Dressing up Bollywood
DECKING UP THE BRIDE Neeta Lulla giving makeover to Surbhi Chandna, lead actress of “Ishqbaaaz” | Photo Credit: Special arrangement
In a free wheeling chat, designer Neeta Lulla talks about India’s tryst with fashion and her journey in Hindi film industry
Unbelievable it may sound today, but veteran couturier and stylist Neeta Lulla learnt fashion sensibilities in films while working with Sridevi. By her admission, the latter played the crucial role of mentoring her when she was a novice in film industry.
“I am a designer of repute now. Back then I was just an 18-year-old girl,” recalls Neeta, who dressed Aishwarya Rai in a 12-metre long sari in Devdas andmadePooja Hegde look ravishing in period drama, MohenjoDaro.
“At that age, I met Sridevi for my first assignment. She had seen my work in Tamasha. Veteran photographer Rakesh Shrestha was doing a photo shoot with her and she asked for me because she wanted to gauge the kind of work I do. Those days only few designers had studied fashion. Lot of star mothers and aunts were doing clothes,” says Neeta during a telephonic conversation.
And how was the meeting, one gets eager. “So I went to Centaur hotel, where she usually stayed, with a 24 by 24 inch bag. Sridevi asked where is the dress and I replied it is inside the bag. I took out a four metre long gold crushed fabric and kept it on table. Sridevi didn’t utter anything but she must have been shocked. She said she is okay with it. She had rollers on her hair and asked what I want to do with hair. I said don’t remove rollers. I had to design the entire look and decide how I should project her. I draped the fabric around her in different twists and made her wear chandelier kundan earrings. It came out stunning. It was a cover shot for Movie magazine.”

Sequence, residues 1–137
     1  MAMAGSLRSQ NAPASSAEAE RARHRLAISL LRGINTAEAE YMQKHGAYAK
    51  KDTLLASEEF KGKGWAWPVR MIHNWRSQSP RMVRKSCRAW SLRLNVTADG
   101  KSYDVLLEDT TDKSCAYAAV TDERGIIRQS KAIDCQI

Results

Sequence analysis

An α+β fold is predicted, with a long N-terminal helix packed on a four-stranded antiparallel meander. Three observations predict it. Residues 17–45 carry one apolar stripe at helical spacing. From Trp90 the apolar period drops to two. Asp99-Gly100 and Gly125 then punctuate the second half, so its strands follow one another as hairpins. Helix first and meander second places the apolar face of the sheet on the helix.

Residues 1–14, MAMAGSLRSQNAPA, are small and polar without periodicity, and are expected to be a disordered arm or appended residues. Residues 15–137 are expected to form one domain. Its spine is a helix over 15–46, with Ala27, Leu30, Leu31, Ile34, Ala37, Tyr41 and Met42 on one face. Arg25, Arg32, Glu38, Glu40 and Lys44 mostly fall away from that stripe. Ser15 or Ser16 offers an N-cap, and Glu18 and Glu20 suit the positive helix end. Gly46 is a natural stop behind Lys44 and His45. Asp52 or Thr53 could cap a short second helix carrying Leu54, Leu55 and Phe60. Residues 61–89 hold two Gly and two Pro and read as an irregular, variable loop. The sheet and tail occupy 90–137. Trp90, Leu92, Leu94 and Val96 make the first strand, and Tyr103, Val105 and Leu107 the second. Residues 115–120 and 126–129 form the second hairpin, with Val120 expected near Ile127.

Sharing experience of working with Sridevi, she says: “I learnt a lot from Sridevi; she knew her make-up and had colour sensibility. If she said she wanted pink, then it had to be that particular shade of pink. And when you saw it on screen you realised why she wanted that particular shade. She has fantastic fashion sense.”
Learning the ropes
Back in 1980s, when she was working with Juhi Chawla and Salma Agha, there were no ready to wear clothes. “Everything had to be stitched, every shoe had to made and a concept was thought about before we went ahead with clothes. We would see lot of bright bold colours on clothes, shoes, make-ups, curly girly hairs, lot of bling and belted waistlines.”
In the 90s, she says, worldwide everything became straighter and lighter colours came in vogue. “Straight hair became the need of the hour because globally also this was the trend. In the 80s, we didn’t have information on fashion trends. It was only in late nineties that we started getting information and India saw advent of designer stores and brands. We could easily pick stuff off the shelves for film costumes.”
According to Neeta, the new millennium saw mingling of Western and Indian cultures. “The attitude changed from getting clothes stitched to getting them off the racks and getting actors work with stylists became easier.”